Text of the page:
Research progress and hope go hand in hand.
Thanks to your continued support, pediatric cancer researchers are making progress towards better treatments and providing hope for more cures. Here are just four examples of the many research outcomes (and reasons for hope!) you have made possible:
Want to know how St. Baldrick’s donors are the saving lives of kids with a common brain tumor? This isn’t just an example of progress – it’s the biggest increase in survival rates many researchers have ever seen from one clinical trial! And that trial was supported by St. Baldrick’s.
For childhood cancer survivors, treatment helps them to live, but often that survival comes at a cost. But what are these costs? And how big is the problem? That’s what St. Baldrick’s Fellow Dr. Nickhill Bhakta wanted to figure out. And as it turns out, that data could be a lifesaver.
St. Baldrick’s Fellow Dr. Nickhill Bhakta works at his desk in St. Jude Children’s Research Hospital. With a portion of the grant supported by the St. Baldrick’s Friends for Hope Fund, he developed a special statistical tool to help capture the true volume and complexity of chronic health conditions faced by childhood cancer survivors because of the long-term consequences of their treatment — something that hadn’t been done before. Photos courtesy of St. Jude Children’s Research Hospital
With your continued support, pediatric cancer researchers are making discoveries to help improve treatment and provide hope for more cures. Five examples of research outcomes you’ve made possible are detailed below:
With your help researchers continue to answer questions, seek out cures, and reduce long-term effects of treatment. Four exciting research outcomes you made possible are detailed below:
In a year when it feels like most things have stopped due to the pandemic, research continues. While most research labs were affected by shutdowns for a time, researchers have found ways to carry on, working hard to find cures for childhood cancers and give survivors long and healthy lives. Read on to see a few interesting outcomes you’ve made possible.
Editor’s Note: Last August, we began a series of blog posts on the outcomes of research that you, our donors, help to fund. Becky Chapman Weaver, Chief Mission Officer, St. Baldrick’s Foundation, provides us with an update.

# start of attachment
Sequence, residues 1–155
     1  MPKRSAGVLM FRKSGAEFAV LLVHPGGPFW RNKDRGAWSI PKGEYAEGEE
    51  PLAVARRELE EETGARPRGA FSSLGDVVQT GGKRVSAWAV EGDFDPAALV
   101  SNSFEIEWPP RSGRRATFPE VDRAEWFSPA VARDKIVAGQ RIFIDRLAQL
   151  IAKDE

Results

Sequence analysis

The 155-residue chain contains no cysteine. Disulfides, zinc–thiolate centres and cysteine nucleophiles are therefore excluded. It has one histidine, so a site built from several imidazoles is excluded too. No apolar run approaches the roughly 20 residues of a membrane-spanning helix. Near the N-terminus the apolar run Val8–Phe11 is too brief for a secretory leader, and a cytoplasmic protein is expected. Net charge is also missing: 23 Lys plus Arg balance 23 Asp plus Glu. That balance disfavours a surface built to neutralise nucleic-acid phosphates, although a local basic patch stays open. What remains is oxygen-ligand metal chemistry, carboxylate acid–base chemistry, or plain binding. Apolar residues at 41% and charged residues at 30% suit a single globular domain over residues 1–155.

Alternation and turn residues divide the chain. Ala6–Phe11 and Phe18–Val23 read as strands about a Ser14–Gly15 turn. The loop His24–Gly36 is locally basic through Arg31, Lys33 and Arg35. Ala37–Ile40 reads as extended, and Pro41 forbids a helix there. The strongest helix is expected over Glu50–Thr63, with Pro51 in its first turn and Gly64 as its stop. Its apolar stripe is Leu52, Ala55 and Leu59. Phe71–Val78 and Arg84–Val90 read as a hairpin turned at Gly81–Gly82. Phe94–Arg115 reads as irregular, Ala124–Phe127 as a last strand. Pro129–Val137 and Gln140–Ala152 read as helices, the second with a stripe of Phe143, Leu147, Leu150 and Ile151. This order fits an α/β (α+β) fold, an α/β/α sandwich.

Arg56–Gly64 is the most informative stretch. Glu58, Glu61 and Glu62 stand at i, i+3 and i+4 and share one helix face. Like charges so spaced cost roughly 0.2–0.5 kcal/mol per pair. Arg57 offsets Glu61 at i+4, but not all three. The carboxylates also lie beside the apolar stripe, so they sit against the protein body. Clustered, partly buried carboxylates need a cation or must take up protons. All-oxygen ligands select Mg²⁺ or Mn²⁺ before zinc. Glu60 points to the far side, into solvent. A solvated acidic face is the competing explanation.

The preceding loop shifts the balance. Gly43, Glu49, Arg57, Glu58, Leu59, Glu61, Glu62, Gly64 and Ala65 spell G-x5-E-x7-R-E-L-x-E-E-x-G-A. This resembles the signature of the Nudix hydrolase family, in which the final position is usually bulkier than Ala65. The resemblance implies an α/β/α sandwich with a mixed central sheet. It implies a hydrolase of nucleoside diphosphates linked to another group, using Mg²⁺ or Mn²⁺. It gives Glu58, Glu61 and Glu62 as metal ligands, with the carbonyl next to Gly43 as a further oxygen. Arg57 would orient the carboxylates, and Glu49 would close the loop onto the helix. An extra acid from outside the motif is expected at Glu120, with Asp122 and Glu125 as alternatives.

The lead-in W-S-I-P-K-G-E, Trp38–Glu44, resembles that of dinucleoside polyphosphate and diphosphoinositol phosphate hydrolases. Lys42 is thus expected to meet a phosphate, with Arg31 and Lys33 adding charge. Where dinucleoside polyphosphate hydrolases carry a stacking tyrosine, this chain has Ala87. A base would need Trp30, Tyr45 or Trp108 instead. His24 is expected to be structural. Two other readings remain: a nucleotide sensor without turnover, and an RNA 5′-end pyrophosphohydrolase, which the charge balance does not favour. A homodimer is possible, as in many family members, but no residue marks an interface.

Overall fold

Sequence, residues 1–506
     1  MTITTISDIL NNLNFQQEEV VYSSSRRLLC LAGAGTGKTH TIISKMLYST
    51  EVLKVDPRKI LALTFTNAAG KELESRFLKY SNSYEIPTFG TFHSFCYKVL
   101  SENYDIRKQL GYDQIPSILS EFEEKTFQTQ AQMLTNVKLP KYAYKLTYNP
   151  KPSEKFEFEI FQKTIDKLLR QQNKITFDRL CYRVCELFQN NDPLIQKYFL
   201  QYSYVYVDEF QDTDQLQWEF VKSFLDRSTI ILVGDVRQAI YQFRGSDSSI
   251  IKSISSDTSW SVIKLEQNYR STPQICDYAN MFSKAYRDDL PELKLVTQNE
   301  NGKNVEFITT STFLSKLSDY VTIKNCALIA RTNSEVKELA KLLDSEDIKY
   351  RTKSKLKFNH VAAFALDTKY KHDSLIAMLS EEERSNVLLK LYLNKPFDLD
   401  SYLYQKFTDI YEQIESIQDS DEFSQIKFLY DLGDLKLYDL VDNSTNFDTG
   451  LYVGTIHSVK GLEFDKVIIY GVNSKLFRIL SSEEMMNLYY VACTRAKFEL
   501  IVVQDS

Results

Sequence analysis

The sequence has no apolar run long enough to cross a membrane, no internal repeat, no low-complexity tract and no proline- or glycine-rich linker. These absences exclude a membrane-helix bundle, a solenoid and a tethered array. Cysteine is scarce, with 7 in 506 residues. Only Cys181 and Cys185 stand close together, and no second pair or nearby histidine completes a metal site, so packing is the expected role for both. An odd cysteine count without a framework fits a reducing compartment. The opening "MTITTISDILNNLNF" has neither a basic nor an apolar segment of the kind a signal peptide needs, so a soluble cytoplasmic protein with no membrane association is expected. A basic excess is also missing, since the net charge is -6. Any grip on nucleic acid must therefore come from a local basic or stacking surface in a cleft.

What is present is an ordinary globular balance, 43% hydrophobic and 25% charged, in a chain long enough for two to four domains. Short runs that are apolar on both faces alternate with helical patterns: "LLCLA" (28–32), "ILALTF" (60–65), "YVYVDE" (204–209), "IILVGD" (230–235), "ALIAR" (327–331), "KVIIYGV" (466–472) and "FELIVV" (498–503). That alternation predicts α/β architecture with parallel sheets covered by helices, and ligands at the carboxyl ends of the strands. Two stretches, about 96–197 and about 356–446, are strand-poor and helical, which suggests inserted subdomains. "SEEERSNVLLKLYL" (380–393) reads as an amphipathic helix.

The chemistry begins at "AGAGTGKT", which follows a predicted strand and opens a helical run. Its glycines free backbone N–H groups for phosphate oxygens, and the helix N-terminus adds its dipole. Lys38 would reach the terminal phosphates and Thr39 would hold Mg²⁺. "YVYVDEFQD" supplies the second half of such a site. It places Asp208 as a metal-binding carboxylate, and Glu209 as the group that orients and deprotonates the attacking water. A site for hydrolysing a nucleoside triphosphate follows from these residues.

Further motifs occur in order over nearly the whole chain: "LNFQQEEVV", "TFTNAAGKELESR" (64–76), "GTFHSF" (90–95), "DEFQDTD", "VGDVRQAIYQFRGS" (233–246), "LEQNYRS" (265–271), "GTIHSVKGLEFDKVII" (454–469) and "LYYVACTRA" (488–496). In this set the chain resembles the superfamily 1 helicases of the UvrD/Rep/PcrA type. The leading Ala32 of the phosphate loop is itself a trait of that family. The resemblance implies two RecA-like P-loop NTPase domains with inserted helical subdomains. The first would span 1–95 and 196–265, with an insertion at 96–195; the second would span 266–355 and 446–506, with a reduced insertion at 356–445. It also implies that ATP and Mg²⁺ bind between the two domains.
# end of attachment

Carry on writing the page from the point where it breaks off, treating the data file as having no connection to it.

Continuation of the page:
If you think of a new cure as the top of an enormous mountain, imagine all the work that comes before anyone can stand on that summit for the first time. It takes discovering which routes lead to the top and which are dead ends or sheer cliffs. It takes knowing how to avoid mountain lions, grizzly bears and avalanches. And it takes putting one foot in front of another thousands of times – and often mounting new ascents year after year.
In the world of research, we can think of basic science or laboratory work as the discovery that tells our climber which way to go. Without that, no one gets anywhere. Translational research is our climber using that knowledge to get uphill or to bring those discoveries to the benefit of patients. And a clinical trial tells us whether we’ve achieved the summit – or whether a treatment is more effective for patients than the previous standard of care.
Your support of the St. Baldrick’s Foundation makes every step of the climb possible. Already we have funded more than 1,500 grants, covering every stage of research. Here are a few recent examples of outcomes you can be proud of.
In August of 2019, we blogged about several research outcomes that were fueled by St. Baldrick’s donations and published in scientific journals so that other researchers can build upon them. Research publications are a major way that science moves forward.
With more than 200 new publications a year resulting from research supported by St. Baldrick’s, we’ve decided to make this an occasional series, to highlight some of the most interesting outcomes you’ve made possible.